Early warning last week about increased signs of a possible superworm in the making may have slowed down a new attack on the Internet. But evidence continues to grow, according to a VeriSign security officer, of a major new denial-of-service attack to be mounted from thousands of already-infected computer systems.
Charles Kaplan, MSS information security officer for VeriSign, told TechNewsWorld yesterday that a new worm with marching orders for some major Internet activity should be evident within the next few days.
“I thought it already would have happened,” Kaplan said. “It’s a waiting game to see if someone will inject the code that is now available.”
He said the amount of abnormal Internet traffic continued to run very high through the weekend. VeriSign has been tracking this activity on its customers’ computer systems around the United States since just before last weekend.
Early recognition of troublesome activity has given IT departments time to apply patches announced by Microsoft last week to protect against the ASN.1 and LSASS buffer-overflow vulnerabilities in Windows machines.
“Attention on the potential new worm is much more focused now,” Kaplan said, citing this as the main reason prevention should be more successful than it was for previous DOS attacks.
Impact Will Be Lessoned
The increase in suspicious activity through the week had Internet security experts bracing for what some analysts warned could be the next big worm attack worldwide. Virus monitors spent the weekend watching an increased level of activity that experts said could be the start of a Blaster-like or Slammer-like attack.
Kaplan said that just because nothing has happened yet doesn’t mean the threat is over. He is still confident that something big will happen. The attack probably won’t move as rapidly as the Blaster or Slammer worms, he said — but what the new worm will lack in speed, it will make up for in durability.
Continued access to peer-to-peer networks allows attack masters to transfer much bigger files to and from compromised computers. New attack codes can remain dormant until updated instructions have achieved the desired level of distribution.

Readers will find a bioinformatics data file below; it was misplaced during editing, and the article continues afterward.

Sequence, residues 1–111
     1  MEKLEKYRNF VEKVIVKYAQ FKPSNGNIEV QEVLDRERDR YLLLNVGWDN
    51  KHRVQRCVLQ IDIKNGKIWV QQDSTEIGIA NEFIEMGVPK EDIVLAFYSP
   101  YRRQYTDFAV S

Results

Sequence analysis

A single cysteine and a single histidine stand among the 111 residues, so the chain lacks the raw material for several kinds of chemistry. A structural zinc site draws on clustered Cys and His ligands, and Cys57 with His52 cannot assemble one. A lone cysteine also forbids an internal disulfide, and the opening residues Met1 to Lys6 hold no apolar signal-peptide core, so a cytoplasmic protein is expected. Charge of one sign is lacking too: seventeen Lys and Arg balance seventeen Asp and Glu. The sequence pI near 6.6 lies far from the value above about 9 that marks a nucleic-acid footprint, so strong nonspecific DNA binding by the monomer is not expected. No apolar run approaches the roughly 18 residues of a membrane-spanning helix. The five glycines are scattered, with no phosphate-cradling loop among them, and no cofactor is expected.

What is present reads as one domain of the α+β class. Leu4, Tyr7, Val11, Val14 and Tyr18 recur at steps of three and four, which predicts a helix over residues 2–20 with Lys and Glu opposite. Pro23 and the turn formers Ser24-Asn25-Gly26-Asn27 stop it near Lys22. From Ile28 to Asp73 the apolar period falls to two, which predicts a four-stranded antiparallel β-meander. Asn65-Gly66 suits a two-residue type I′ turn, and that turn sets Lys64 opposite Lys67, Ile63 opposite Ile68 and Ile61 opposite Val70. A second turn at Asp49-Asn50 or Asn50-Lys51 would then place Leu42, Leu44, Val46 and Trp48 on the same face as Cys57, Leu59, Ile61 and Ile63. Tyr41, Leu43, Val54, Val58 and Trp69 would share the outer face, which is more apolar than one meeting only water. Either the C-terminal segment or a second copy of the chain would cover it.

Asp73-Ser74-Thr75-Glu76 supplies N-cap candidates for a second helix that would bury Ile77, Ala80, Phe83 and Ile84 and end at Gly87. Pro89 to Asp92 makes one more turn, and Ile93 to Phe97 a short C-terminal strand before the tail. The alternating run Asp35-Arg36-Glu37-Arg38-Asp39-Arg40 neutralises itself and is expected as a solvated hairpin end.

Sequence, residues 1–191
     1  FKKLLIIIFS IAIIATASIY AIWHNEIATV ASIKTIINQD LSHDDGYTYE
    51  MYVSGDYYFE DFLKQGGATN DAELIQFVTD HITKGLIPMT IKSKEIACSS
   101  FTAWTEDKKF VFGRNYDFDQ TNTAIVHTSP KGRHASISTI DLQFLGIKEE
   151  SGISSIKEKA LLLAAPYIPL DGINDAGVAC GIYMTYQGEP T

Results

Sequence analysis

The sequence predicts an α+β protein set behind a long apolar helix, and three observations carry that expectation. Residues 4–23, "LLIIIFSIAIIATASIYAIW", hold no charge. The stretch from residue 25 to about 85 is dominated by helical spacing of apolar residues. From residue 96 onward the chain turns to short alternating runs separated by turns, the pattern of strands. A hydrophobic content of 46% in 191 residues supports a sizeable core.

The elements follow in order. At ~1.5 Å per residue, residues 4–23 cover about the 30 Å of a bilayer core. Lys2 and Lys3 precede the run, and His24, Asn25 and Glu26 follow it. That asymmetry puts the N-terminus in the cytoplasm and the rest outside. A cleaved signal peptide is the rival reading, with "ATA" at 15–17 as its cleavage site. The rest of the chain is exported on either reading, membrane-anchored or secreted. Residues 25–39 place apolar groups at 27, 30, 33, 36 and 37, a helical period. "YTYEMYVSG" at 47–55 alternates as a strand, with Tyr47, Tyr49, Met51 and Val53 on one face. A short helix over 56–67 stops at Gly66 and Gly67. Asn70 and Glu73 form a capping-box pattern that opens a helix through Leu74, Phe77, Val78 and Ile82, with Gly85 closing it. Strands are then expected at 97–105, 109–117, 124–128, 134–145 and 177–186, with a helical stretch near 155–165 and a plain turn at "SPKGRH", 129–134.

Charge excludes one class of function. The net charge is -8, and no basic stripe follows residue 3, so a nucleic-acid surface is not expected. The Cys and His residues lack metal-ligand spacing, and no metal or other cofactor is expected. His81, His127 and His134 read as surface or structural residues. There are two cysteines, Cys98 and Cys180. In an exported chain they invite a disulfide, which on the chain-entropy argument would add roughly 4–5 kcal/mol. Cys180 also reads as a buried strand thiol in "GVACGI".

“I can’t believe that nobody will be taking advantage of this in the next few days,” Kaplan told TechNewsWorld. He likened the temptation to that of a kid set loose in a candy store. “Somebody is going to eat that candy,” he said.
Kaplan said engineers monitoring VeriSign customers’ computers documented a spike in volume starting April 16th. That activity involved numerous probes checking for computers that already had a back door opened from a previous vulnerability. Engineers succeeded in uncovering portions of the DOS code.
By last Thursday, engineers found that DOS code posted publicly on many well-known hacker Web sites.
Mikko Hyppnen, director of antivirus research at F-Secure in Helsinki, Finland, told TechNewsWorld earlier in the week that there is cause for alarm. At that time, he said he expected a Blaster-like RPC worm to emerge within the next two to three weeks.
Spot data checks on port 443 traffic at clients’ computers all week continued to show an alarming increase in volume, according to Kaplan.
VeriSign monitors network traffic on popular service ports (such as port 25, which is typically used for e-mail; port 80, which is typically used for Web traffic; and port 443, which is used for SSL transactions) and records aggregate data every hour. Kaplan said VeriSign uses this historical trending to develop models of what traffic on the Internet looks like during both normal and hostile times.
“We focus a great deal of engineering resources studying the transitional period between these two states. The better the model we can build around this, the more likely we can provide early warning,” he said.
Worst Yet To Come
Kaplan said he is certain some type of widespread new worm will be released this week. All indications are that the worm will specifically exploit the SSL vulnerability.
But if the worm is limited to an SSL exploit, it won’t reach the critical mass attained by Slammer and Blaster, according to Kaplan. Those two worms were so much trouble because they impacted server and desktop systems alike. The SSL vulnerability will, for the most part, only affect servers, so the number of vulnerable systems is significantly reduced.
But don’t let that give you a false sense of security. Kaplan said systems compromised by an SSL worm might become “owned” by underground groups that frequently build large “bot nets” of such systems and then use them in coordinated attacks.